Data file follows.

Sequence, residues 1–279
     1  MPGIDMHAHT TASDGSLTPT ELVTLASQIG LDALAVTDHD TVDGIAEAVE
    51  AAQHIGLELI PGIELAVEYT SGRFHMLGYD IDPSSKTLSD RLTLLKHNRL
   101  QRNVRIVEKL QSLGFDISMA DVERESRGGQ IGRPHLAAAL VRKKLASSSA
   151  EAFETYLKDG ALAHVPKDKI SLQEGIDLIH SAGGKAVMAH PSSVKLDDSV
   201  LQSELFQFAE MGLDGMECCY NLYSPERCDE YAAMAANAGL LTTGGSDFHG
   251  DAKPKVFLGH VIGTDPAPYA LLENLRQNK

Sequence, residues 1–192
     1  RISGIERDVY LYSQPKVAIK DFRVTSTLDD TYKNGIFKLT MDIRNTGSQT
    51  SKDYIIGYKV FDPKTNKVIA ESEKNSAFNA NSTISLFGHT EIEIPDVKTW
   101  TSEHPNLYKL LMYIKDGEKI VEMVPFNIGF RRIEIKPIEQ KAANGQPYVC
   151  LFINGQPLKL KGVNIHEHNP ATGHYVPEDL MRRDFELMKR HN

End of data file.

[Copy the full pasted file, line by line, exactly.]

Sequence, residues 1–279
     1  MPGIDMHAHT TASDGSLTPT ELVTLASQIG LDALAVTDHD TVDGIAEAVE
    51  AAQHIGLELI PGIELAVEYT SGRFHMLGYD IDPSSKTLSD RLTLLKHNRL
   101  QRNVRIVEKL QSLGFDISMA DVERESRGGQ IGRPHLAAAL VRKKLASSSA
   151  EAFETYLKDG ALAHVPKDKI SLQEGIDLIH SAGGKAVMAH PSSVKLDDSV
   201  LQSELFQFAE MGLDGMECCY NLYSPERCDE YAAMAANAGL LTTGGSDFHG
   251  DAKPKVFLGH VIGTDPAPYA LLENLRQNK

Sequence, residues 1–192
     1  RISGIERDVY LYSQPKVAIK DFRVTSTLDD TYKNGIFKLT MDIRNTGSQT
    51  SKDYIIGYKV FDPKTNKVIA ESEKNSAFNA NSTISLFGHT EIEIPDVKTW
   101  TSEHPNLYKL LMYIKDGEKI VEMVPFNIGF RRIEIKPIEQ KAANGQPYVC
   151  LFINGQPLKL KGVNIHEHNP ATGHYVPEDL MRRDFELMKR HN